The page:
Also remember, on crop sensors, 18mm on Nikon is already going to be wider than 18mm on Canon... an 18mm Nikon lens will be a touch wider than a 17mm Canon lens on a crop sensor.
  6. I just don't think the 16-85 matches your shooting needs at all

    Even if you don't shoot at f2.8, having f2.8 AND f3.2 AND f4 available at ALL times is invaluable for your shooting situations noted above

    I think a 17-50/55 f2.8 from Tamron or Nikon would be a better match
  7. His comment about the large majority of his shots being from f/5.6-f/8 for the explicit reason of controlling DOF makes me think he's right that VR/IS would probably serve him better than a constant f/2.8 lens. He currently has a Sigma 18-50/2.8 EX in Canon mount, so he has the ability to shoot at larger apertures but chooses not to for an explicit reason.

    The OP seems to be the opposite of most people looking at consumer VR lenses... most think that VR will cure their needs when they really need a large aperture to stop action... he specifically won't use a large aperture and needs VR to compensate in non-action situations.

    I'm still saying it'd be an easier switch to pick up a Canon 17-85mm IS USM)... but IF you decide to make the switch, the 16-85mm VR would likely be a great lens for what you're doing, and the 18-105mm VR Kit Lens would likely do just as well at 60% of the price.
  8. ^ good point - I stand corrected
  9. I don't see why you'd switch to nikon,. there's no compelling reason,. VR/IS is ok but for group shots you can use a tripod,. if you have thoughts to go to 'full frame' then you should get lenses that will work on a full frame

    personally I would advise something like a 5d and 24-105 f4 IS lens,. throw in a prime like the 85 1.8 or 50 1.4 and you have most situations covered
  10. My reasons to switch are forseeing the future. I am glad I found out early on what I like to shoot. FF is in my distant future. The things that interest me about nikon are better ergonomics and feature sets. I like the artificial horizon, auto iso , high rez screens. I also like nikkor pro glass over canon L glass(im a zoom guy). Even if we talk about dx glass. I think for a people shooter like me the 17-55 is a great choice. The canon version suffers from dust problems and malfunctioning IS. Its stuff like that puts me off on canon. Also the flash system. If I can take off my flash and use CLS without spending tons on pocket wizards than by all means i'm for that.

    Unfortunately I don't have 6k for my dream setup. I need something in the middle. I could stick with my current system that does ok. I can improve greatly with new tools that help me get different kinds of shots. But, I don't want to spend more money on a system I will ditch very soon only to loose money on. Lets say I sell the sigma 18-50ex and 430ex so I can get a 17-55IS and a 580ex II. I think initially I will take better shots, but I will still suffer from bad high ISO, small body/poor ergonomics and bad AF in low light.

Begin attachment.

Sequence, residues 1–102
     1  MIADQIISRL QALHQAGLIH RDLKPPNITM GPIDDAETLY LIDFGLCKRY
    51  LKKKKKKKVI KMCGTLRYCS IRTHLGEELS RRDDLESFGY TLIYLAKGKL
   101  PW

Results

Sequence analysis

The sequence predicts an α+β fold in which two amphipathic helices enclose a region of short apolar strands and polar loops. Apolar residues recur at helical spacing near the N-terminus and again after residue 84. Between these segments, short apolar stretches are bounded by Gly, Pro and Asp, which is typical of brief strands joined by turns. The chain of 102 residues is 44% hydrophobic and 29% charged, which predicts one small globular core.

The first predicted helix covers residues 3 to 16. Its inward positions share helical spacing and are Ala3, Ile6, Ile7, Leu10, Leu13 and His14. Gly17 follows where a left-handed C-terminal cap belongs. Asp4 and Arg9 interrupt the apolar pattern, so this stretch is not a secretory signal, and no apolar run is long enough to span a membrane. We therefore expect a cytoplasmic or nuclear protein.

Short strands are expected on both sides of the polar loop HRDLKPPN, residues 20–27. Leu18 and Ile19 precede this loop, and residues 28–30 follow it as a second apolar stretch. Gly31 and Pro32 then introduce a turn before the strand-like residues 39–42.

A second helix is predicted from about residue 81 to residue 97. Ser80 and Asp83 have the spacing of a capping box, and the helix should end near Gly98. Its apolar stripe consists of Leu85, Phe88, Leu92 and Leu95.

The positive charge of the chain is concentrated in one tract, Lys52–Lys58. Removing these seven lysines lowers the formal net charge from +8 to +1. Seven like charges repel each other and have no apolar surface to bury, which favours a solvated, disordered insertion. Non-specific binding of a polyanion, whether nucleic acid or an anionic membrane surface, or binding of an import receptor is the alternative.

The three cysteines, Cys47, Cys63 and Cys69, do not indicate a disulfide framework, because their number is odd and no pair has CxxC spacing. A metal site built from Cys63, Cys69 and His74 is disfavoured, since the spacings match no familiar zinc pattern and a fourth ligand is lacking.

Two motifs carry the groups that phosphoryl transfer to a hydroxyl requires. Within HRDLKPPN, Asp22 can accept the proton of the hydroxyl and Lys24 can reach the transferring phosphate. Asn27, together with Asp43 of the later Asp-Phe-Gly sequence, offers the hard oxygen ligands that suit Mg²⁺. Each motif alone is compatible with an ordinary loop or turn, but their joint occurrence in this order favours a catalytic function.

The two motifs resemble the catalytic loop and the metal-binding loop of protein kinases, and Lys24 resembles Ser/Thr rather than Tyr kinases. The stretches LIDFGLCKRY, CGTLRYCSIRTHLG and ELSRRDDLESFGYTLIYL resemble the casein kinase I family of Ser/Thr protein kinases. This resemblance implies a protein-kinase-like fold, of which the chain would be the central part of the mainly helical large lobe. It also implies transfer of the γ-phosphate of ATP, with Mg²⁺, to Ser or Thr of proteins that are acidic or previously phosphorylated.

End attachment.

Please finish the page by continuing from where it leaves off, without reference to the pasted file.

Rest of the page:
I really like the d700 or even the d300. Good High iso performance, excellent AF and 51 points. I like to frame things using the law of 3rds and its hard to do on a 9 point AF system unless you crop alot which I don't. I perfer to frame using my zoom/feet. I think the new 5D or whatever is going to put stuff in camera that I don't want like 18megs on a sensor when I have never printed anything bigger than 8x10. Most of my shots are web based anways.

    I thought about that but the 5d doesn't have the feature set I want plus I really like the whole nikon system as a from advanced flash, new pro glass that performs well that you don't have to send back to canon 3 times for calibration and lastly current bodies that give impressive feature sets for decent prices. Oh and tripods in a nightclub or drunken house party is spelling disaster!
  11. JCole

    JCole Guest

    If you're talking future D3 or D700 then yes you get the artificial horizon but the D80 does not have that feature, however I'm pretty sure it does have on-demand grid lines like my D200. If the ergonomics of the Canon's bother you then you may really be better of with one of the Nikon bodies. But I would really take into consideration the other posters who mentioned getting the better Canon glass that meets your needs. Switching is a costly move and you might look into renting the body and lens you are considering before making the leap. Good luck with whatever you chose to do :smile:
  12. i think everyone needs in example of what im talking about.
    Subscribe to see EXIF info for this image (if available)

    I think this is a bad shot and its great to illustrate what I am looking to improve. Ok so i get done take a few shots of couples. Its at f3.5 1/15 and its fine. Here comes a group and I forget to take my settings because I had 3 shots of Hennessy in 30 minutes. I focus on the blond because i'm single :)  but that screws my shot up. Notice how its sharp but goes soft from left to right. I think a nice f 5.6 would help solve that. I am on the dance floor trying not to get pushed around dragging the shutter around 1/2-1/30 the whole night trying to get ambient. I think VR and less booze would improve my shots greatly but this is one of the few jobs where you can drink on the job :) 

    here is a better example why I don't like 2.8 for groups. This is at my day job. I am sober and thinking. But Im really new and I think oh I want to blow out the background and do 2.8
    Subscribe to see EXIF info for this image (if available)

    As you can see the first thing I notice is that the two women on the sides get soft. (well at least on my huge raw file that is)